“Er, Judah’s firstborn, was wicked in the LORD’s sight; so the LORD put him to death.” 1 Ch 2:3
Er, Judah’s first born, died young because he was wicked in the sight of the Lord. Thus the only thing we know about this man was his short name, and his life that was even shorter than his name.
The length of his life mattered little compared to how he was depicted. He was wicked. He could have lived a full and long life, but it still wouldn’t have changed how he was defined. Being wicked was what the man was and dying young was more a blessing, really. If the wicked linger in the flesh far too long, their wickedness will only increase.
Instead of counting down the days and years we still have on earth, we should count how many more good things we can we still do in the remaining years. The Lord cares more about quality than quantity as far as our life on earth is concerned.
Er was wicked, but he probably wasn’t any more wicked than many others, yet he was taken away prematurely. There were some who might have found favor in the Lord’s sight, yet they died young just the same. Enoch was taken away several hundred years before his peers, not for his wickedness, but for his righteousness.
I suppose goodness is defined by whether we walk with the Lord or not. Enoch was the epitome of goodness. The Lord could have left Er alone, or he could have taken him away before his time. What matters the most was how his life was portrayed. He was wicked, and his premature death might not have been caused by wickedness, even though it appeared to be so.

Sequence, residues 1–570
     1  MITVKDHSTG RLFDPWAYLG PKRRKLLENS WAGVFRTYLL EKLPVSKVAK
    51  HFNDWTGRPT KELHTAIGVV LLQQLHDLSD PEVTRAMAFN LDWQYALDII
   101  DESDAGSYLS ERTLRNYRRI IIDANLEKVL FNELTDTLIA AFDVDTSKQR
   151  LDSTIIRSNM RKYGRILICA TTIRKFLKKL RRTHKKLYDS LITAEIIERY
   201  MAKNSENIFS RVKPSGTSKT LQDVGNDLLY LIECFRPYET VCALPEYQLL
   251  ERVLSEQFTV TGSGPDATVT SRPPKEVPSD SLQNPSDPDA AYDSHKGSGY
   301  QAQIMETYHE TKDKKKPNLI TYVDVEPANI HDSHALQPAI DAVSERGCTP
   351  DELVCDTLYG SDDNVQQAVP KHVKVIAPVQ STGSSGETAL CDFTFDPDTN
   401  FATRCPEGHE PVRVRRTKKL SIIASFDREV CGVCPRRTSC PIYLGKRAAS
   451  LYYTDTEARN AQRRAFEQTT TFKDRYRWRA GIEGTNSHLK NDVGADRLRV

Longevity of the wicked may be their punishment, not a blessing. The greater they sin in the flesh, the more severe their penalty will be.
Counting down the years has become my habit as I age, which is rather depressing actually. I don’t think my wife does the calculation all that much, since she seems to be occupied by what she must do, both for her work at school and her ministry. Much to my envy, her days are mainly composed of doing good things and fulfilling her calling, and I, with ample amount of time at my disposal, squander it by counting down my earthly days and becoming despondent.
People who are busy working and doing good don’t have the time or leisure to be moaning and groaning about their future and what may transpire tomorrow. I guess it’s plausible to assume that the wicked worry a lot more about their tomorrows than the righteous.
Self-occupation is a sure sign of wickedness. Er might not have done anything overtly wicked; perhaps his body was just full of exposed nerves and he became so sensitive about every feeling that he might have had, making him become overly temperamental and depressed, which, I gather, caused him to die young.
“For whoever wants to save their life will lose it, but whoever loses their life for me will save it.” It’s a good idea for us to spend a few moments mediating on the Lord’s words before we start the day.